By: Utpal Badol Baruah
GUWAHATI, July 30: Almost three decades back there was a familiar name that used to appear regularly in the newspaper and periodicals with cross-words in Assamese language. The name appeared as Toufique-Mukul. His full name was Toufique ud-din Ahmed, a senior officer of National Small Industries Corporation who used to spend long absorbing hours playing with Assamese words and succeeded to popularise cross-word games in Assamese language.
I came to know him closely when I was studying in Chennai in the late eighties. Toufique-da, as I called him, was an avid writer. He used to write short stories in many magazines. Besides his literary works, I found him as a person full of life, wit and humor. He organised the people in the city (Chennai) who hailed from Assam and used to set up literary meets regularly. His inimitable style of delivery with lucid Assamese words made him popular amongst the community. His unconditional love for people was unparalleled. For example, one day, the Hindu carried news that the wife of one Assamese person passed away and her cremation would be in the evening the same day. Toufique-da did not know the person personally but could imagine how much hardship the family would undergo in that situation. Finally, he could not resist himself and with the little information he could collect from the newspaper, reached the graveyard in the evening to offer his help. This is something unbelievable now-a-days. He was like a guardian to the student community from Assam studying in the city that time.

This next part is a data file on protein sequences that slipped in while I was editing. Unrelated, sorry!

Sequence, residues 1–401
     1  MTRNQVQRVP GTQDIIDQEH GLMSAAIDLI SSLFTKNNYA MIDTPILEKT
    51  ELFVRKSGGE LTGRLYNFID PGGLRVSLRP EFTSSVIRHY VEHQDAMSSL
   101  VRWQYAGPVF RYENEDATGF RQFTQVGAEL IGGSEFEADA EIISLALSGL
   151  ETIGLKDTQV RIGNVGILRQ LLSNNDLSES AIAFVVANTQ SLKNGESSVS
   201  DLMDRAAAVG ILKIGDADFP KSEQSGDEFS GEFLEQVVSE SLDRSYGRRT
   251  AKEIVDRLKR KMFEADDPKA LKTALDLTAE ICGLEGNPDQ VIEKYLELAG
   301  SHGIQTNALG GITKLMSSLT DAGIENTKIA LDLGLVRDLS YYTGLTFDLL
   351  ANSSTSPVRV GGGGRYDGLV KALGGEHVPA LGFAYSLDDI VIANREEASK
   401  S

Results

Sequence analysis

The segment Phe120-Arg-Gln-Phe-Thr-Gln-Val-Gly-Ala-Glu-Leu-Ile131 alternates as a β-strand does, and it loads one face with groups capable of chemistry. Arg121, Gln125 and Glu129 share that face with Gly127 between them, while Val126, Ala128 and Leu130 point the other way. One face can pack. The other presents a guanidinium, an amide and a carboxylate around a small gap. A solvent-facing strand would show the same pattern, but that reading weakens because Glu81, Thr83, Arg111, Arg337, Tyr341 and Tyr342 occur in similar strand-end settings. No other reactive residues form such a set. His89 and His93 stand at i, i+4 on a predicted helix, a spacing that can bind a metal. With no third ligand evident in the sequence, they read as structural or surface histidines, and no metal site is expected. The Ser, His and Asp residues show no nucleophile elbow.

Once, Dr. Bhabendra Nath Saikia, the legendary writer of Assam went to Chennai. Toufique-da him and his wife for lunch. I vividly remember, Dr. Saikia was surprised to see his etymological command in the Assamese language and advised him to write in the Prantik.
Toufique-da survived a stroke in the early nineties and went paralysed. His wife Arifa Mahee took good care of him for almost three decades. Most of his time, he lived in Chennai and then shifted to Bangalore. His three daughters Ritu, Palki and Gargi did extremely well in their studies and established their own identities. He breathed his last on 22nd June this year. He was born in Lichubari, Jorhat in 1942. He was a true Assamese person in his thought and action.
Today, on the day of his ‘Challisa’, I pay my sincere tribute to him. May God shower His best blessing upon his soul.